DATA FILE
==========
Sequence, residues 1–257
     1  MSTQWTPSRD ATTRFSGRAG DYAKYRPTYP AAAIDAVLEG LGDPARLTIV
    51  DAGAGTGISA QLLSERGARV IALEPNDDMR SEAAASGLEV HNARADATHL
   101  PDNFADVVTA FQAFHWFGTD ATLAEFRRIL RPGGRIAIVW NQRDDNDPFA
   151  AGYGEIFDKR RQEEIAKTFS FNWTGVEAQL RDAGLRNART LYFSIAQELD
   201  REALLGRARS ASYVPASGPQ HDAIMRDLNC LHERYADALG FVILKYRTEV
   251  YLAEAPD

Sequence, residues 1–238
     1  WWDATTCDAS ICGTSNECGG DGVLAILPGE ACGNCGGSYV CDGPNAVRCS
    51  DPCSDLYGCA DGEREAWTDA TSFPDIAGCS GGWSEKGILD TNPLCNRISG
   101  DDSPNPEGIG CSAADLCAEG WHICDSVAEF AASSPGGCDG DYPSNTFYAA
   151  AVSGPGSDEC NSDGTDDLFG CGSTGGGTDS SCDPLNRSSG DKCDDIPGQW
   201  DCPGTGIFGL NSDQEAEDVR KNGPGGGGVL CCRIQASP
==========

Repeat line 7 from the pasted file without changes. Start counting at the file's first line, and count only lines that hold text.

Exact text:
   251  YLAEAPD